|(Image: Jamie Cate and Susan Jenkins, UC Berkeley & EBI)|
Why should we care what yeast are able to digest? The biofuels industry has been struggling to make cellulosic ethanol economically feasible. Right now the industry is using brewers yeast, the single-celled fungus (Saccharomyces cerevisiae) to turn sugar or other simple carbohydrates into alcohol. So far cellulose has been a bit of a problem as it is a pretty tough molecule; it is composed of glucose (simple sugar) molecules all linked together into long chains. Its a molecule that you can find in abundance in various materials such as corn stalks, leaves and cobs (and the US uses a whole lotta corn!) as well as paper waste or any other plant material. Normally these long chains have to be broken up into smaller cellodextrins by enzymes called cellulases using a method called saccharification. Then another enzyme called beta-glucosidase is added to break down the cellodextrins into their simple sugar components. That's all before the yeast even get introduced to the system! If the N. crassa genes (cellodextrin transporters) can be inserted into the industrial strains of yeast that are currently being used for ethanol production the efficiency of the fermentation process can be greatly improved.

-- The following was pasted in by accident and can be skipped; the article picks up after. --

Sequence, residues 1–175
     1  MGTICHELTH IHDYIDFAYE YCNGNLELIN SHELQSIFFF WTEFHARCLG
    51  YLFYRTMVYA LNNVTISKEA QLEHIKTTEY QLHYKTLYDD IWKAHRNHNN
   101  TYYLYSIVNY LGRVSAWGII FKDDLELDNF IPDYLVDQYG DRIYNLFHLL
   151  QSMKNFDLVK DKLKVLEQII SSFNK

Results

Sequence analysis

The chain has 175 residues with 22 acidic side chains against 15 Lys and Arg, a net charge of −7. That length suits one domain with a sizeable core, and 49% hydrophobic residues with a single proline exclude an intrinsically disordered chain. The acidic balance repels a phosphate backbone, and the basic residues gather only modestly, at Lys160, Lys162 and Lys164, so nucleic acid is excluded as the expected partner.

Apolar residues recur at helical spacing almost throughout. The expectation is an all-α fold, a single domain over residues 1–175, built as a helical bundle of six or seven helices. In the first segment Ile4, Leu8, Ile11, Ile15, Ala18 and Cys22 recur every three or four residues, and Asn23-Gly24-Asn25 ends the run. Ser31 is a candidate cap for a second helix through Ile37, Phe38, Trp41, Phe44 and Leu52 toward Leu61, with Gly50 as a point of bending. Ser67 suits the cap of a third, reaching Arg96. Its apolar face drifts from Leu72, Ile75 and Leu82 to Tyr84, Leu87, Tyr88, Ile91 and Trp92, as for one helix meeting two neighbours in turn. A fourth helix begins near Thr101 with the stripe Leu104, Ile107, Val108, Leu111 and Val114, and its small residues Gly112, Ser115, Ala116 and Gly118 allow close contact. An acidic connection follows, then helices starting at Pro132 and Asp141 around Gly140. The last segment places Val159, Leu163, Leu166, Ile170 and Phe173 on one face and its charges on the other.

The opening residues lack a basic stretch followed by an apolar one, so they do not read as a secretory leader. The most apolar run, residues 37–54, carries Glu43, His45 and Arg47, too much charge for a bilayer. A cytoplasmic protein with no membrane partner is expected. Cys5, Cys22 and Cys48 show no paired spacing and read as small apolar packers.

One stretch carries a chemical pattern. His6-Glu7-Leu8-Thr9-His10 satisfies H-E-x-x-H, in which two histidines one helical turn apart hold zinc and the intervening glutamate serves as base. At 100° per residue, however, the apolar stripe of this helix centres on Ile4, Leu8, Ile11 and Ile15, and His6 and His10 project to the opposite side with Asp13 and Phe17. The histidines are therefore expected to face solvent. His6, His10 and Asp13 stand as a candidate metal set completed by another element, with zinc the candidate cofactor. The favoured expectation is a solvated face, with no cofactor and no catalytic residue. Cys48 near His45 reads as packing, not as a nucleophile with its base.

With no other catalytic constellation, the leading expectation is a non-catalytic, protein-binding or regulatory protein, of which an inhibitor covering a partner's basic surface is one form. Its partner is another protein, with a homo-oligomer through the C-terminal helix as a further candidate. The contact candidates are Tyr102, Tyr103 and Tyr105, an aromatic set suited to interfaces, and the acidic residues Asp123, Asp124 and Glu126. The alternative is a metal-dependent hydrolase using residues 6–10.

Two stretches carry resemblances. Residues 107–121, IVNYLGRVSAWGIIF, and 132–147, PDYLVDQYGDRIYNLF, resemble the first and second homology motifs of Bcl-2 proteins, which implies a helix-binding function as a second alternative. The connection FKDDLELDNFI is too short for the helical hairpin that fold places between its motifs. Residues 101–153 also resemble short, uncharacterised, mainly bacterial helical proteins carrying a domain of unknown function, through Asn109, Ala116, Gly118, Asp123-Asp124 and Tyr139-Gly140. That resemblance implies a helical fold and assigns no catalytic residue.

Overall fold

The paper appeared in this weeks ScienceExpress:
Galazka, Jonathan M., et al. (2010) Cellodextrin transport in yeast for improved biofuel production. Science: published online. (DOI: 10.1126/science.1192838)
Here is UC Berkeley's new article about the paper: